We live in contradiction, both yearning to stop whilst adamantly defending ourselves if called out as addicts. We can become so blind and in denial that we may put ourselves in danger or even hurt another in order to shake ourselves from our slumber. Of course, none of this is conscious. If we do survive our self-perpetuated disasters, eventually—hopefully—we come to see these as wake up calls and simultaneously, our greatest blessings.

For culturally acceptable/encouraged issues, such as consumption, sex, and relationship addictions, these can be even more insidious to tackle, as society may speak theoretically against them, yet it overtly rewards.

Western society thrives on such addictions, so they require the willingness and honesty of deep self-reflection—a major challenge for anyone. Admittance is the first hurdle, yet it’s entirely another to bring our personal addictive behaviors to an end.

I tried many times over a decade, and sobriety for any longer than a few days would fill me with so much anxiety, that as painful as it was to be full of alcohol or drugs, letting them go seemed even worse. The inspiration would arise, and I’d be excited and dead set on stopping. A few days later I’d be holding my guts, rolling on the floor in anxiety, crying to the Gods for love and attention. At said point, all I’d need was a beer and some company and it would all be better. The contradiction between having such an intense desire to stop without being able to follow through only increased my fear and desperation.

I was 19 in my first real attempt, with some success, at becoming sober.

I joined a program and quit cold turkey for a year.

Several times a week I would enter into church basement gatherings in which we would sit in folding metal chairs and introduce ourselves by chanting mantras that would state our addictions and affirm that we would always have this disease—for the rest of our lives—permanently—for ever and ever and ever.

I’d peer around the circle at everyone clutching Styrofoam cups of muddy coffee with powder creamer and way too much sugar and think to myself, surely, if I’m going to be alive on this god forsaken planet, this is just not what I want to be doing for the rest of my life. I wanted to live, not merely survive—otherwise, what’s the point? Of course, this attitude was not so beneficial at the time, and I ended up picking up and going back out.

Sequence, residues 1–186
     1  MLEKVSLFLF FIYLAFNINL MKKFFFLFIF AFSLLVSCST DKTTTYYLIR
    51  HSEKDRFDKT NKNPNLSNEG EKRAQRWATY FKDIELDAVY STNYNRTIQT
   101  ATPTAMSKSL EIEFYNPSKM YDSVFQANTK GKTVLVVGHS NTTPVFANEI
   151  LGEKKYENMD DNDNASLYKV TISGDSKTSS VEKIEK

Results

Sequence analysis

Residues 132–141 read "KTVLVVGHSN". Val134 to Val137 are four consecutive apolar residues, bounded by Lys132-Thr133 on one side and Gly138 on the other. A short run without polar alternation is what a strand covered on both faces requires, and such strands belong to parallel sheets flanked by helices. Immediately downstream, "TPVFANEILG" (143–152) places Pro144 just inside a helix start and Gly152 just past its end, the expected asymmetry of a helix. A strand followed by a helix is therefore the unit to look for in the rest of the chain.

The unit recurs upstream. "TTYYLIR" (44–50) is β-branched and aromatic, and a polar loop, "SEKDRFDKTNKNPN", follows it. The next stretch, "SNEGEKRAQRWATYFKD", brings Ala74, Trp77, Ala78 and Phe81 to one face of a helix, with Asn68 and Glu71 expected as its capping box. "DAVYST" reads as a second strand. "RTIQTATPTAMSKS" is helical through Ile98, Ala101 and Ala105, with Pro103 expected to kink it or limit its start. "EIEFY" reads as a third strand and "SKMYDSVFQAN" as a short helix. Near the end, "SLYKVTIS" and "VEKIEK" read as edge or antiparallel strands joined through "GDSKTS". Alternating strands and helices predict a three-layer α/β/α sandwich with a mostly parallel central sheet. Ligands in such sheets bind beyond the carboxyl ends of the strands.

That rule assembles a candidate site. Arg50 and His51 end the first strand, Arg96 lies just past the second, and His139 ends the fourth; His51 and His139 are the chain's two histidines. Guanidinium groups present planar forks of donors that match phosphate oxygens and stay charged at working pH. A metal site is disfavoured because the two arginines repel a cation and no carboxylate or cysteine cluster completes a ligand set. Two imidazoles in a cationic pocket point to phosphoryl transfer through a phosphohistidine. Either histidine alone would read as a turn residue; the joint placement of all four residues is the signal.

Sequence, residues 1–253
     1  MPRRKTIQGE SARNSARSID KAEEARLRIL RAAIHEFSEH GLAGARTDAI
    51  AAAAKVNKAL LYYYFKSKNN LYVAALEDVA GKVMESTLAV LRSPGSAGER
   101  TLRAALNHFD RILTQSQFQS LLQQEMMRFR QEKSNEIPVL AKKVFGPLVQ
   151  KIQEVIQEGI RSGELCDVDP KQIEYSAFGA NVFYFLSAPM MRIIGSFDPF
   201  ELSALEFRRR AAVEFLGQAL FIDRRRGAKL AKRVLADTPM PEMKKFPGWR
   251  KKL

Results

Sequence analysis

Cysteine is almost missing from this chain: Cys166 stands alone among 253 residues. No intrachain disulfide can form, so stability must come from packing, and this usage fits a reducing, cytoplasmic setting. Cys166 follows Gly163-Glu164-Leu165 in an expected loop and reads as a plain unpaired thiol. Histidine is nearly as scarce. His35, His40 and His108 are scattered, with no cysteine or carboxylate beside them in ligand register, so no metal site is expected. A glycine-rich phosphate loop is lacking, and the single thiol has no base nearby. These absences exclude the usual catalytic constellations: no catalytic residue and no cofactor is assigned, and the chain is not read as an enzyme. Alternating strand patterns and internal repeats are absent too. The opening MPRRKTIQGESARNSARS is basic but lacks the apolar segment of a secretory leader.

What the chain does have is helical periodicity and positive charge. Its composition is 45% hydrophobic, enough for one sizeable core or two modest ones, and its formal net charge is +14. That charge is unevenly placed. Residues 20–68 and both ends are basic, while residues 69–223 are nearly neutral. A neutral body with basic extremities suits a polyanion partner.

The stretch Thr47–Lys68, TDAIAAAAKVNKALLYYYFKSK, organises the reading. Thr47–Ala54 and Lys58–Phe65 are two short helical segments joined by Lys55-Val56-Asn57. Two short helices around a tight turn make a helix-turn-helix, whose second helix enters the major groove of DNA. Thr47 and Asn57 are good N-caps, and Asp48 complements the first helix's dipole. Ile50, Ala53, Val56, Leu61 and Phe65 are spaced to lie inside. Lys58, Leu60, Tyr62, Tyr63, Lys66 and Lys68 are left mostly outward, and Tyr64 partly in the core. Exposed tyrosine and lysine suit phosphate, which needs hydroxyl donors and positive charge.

For almost a decade, I merely survived.

I kept going until Death looked me in the eye, and with a sardonic grin spread across his face, pumped his brows and offered me a tour of my very own potential grave. The choice became overwhelmingly clear, so I left everything behind and caught a ride to the other side of the States, where I found a little organic market and sat down to look into the eyes of management and confess my situation. God willing, they hired me on the spot, and I put my head down and worked as a produce clerk in a quiet nine to five and ever so slowly began the journey to sobriety in a wonderfully supportive environment.

However, letting go of a substance is only half the battle.

For me, living with the conviction that I was psychologically debilitated and destined to live imprisoned with perpetual cravings to hurt myself just wasn’t going to cut it. I mean, if that were the case, surely freedom could be found in bringing light to whatever it was that I was avoiding. I had to dig into the root and mindset that had me picking up in the first place.

“One does not become enlightened by imagining figures of light, but by making the darkness conscious.” ~ Carl Jung

My pathway into the shadows, initially, was not at all conscious. With no spare income or real desire to work through standard therapeutics, my way into healing was ultimately to follow the intensity of who I was. It’s a long story, but in a nutshell, I became very intimate with my joys, fears, desires and judgments—to name a few newfound friends.

During this period when I was still craving and dipping in on occasion, I began the practice of parenting myself; I imagined who I truly desired to be, and took the first steps towards bringing the woman of my dreams into manifestation.